______________________________________             Example 1                      Example 2______________________________________Tensile strength, N/cmlengthwise          2,020      1,930crosswise           1,470      1,570Elongation at break, %lengthwise            241        215crosswise             243        250Heat stability; 24 hours' storage               no shrinkage,at 80 C. of a bond to               no creasinglacquered steel plateLightfastness, analogous               >7         >7to DIN 54,004Xenotest 150Black panel temperature 60 C.Outdoor weathering simulation1,000 hours         satisfactory                          satisfactory1,000 hours with water spray               satisfactory                          satisfactoryAdhesionAdhesion to paint, N/cm                5.1        5.1(peeling angle 180;speed 100 mm/min).Immediate measurementMeasurement after24 hours' storage at 22 C.                6.0        6.015 minutes at 100 C.               12.1       10.5120 hours at 80 C.               13.0       11.315 minutes at 100 C. and               15.0       15.016 hours at -30 C.,test at -30 C.240 hours at 40 C./100% relative               no migration underhumidity, under the influence               the bond.of condensation waterFuel resistance (10 immersionsin test fuel)50% by volume of toluene30% by volume of isooctane15% by volume of diisobutylene                   no change 5% by volume of ethanolDetergent resistance (24 hours'               no migration under thestorage of the bond in 1%               bondstrength detergent solutionat 70 C.)Salt spray mist test, 240 hours               satisfactory                          satisfactoryBurning characteristics:               corresponds to the               requirements of U.S.               Motor Vehicle Safety               Standard 302______________________________________
EXAMPLE 3

Using the raw materials described in Example 1 and the process mentioned above, on a laboratory coating line, a 300 μm thick film consisting of two plies each of 150 μm and 150 μm, colored black and with a smooth surface, is coated with 3 g/m2 of primer and 32 g/m2 of final coat and covered with siliconized release paper. The selfadhesive material thus produced is subjected to a flying gravel test and is found to have a resistance factor of 2.0. This resistance is 54% higher than for a single-ply 300 μm film.

EXAMPLE 4

Using the raw materials described in Example 1 and the process mentioned above, on a laboratory coating line, a single-ply 400 μm thick film, colored black and with a smooth surface, is coated with 3 g/m2 of primer and 50 g/m2 of final coat and is covered with a release film. The selfadhesive material thus produced is subjected to a flying gravel test and is found to have a resistance factor of 2.5. This resistance is 92% higher than for a single-ply 300 μm film.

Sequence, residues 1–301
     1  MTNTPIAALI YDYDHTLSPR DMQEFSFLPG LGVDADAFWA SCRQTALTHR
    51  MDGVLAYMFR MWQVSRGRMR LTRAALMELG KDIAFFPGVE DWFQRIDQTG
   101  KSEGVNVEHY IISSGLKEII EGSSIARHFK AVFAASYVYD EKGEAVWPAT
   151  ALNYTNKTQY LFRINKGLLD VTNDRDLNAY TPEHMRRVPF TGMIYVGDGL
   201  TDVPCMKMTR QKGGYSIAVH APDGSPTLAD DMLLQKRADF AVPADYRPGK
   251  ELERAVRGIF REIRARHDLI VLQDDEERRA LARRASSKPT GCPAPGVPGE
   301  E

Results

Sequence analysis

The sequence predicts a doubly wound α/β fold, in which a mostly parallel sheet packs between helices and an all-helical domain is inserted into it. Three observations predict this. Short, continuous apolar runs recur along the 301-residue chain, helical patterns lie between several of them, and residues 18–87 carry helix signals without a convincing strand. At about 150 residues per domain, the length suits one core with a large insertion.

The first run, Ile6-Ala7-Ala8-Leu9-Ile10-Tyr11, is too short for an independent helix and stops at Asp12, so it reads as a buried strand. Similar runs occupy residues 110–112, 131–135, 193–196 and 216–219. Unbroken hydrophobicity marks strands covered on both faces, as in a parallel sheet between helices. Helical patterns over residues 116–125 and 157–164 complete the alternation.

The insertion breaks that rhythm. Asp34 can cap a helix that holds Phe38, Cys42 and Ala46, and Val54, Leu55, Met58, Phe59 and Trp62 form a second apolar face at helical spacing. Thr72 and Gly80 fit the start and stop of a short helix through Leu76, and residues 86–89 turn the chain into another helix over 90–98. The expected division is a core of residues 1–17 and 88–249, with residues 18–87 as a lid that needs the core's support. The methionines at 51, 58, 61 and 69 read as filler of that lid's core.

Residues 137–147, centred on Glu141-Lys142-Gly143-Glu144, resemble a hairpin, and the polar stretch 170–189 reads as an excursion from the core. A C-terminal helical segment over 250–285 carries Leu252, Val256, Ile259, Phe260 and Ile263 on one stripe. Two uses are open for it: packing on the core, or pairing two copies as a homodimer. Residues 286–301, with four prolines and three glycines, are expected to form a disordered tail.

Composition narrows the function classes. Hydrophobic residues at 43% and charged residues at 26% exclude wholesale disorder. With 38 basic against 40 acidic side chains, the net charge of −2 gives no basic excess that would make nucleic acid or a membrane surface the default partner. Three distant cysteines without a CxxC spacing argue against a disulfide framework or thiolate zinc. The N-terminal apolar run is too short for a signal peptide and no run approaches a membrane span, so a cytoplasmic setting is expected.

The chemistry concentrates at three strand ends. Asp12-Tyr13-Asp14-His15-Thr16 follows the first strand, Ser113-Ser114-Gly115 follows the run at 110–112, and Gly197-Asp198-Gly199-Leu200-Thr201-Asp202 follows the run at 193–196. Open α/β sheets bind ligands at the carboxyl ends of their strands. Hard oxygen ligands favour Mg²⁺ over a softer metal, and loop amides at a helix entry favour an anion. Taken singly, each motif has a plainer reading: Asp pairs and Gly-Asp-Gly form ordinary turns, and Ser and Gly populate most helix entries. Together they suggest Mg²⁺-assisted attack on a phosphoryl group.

EXAMPLE 5

Using the raw materials described in Example 1 and the process mentioned above, on a coating line for selfadhesive tapes, a 500 μm thick three-ply film, consisting of 2150 μm plies and one 200 μm ply, colored black, is coated with 2 g/m2 of primer, 48 g/m2 of final coat and 32 g/m2 of anthracite-gray metallic polyurethane paint and is covered with release paper.

The coating of anthracite-gray metallic polyurethane paint serves to seal the film and achieves an improvement in its surface character.

The selfadhesive material thus produced is subjected to a flying gravel test and is found to have a resistance factor of 4.3. This resistance is 231% higher than for a single-ply 300 μm film.

EXAMPLE 6

Using the raw materials described in Example 1 and the process mentioned above, on a coating line for selfadhesive tapes, a 900 μm thick three-ply film, each ply being 300 μm thick, colored black, is coated with 5 g/m2 of primer, 14 g/m2 of a colorless polyurethane/silicone surface seal and 70 g/m2 of final coat and is covered with a release film.

The selfadhesive material thus produced is molded on a positive mold in a vacuum forming machine for 24 seconds at a temperature of 550 C., produced by radiant heat. On the film surface facing away from the radiation, the temperature is 120 C. The cooling time is 41 seconds. The resulting article is dimensionally stable and the release film can be removed perfectly. The self-adhesive part can, without difficulty, be stuck onto a highly curved portion of car bodywork, to serve as protection against flying gravel. In the flying gravel test, the film has a stability factor of 6.5. The resistance to flying gravel is 400% higher than for a single-ply 300 μm film.

EXAMPLE 7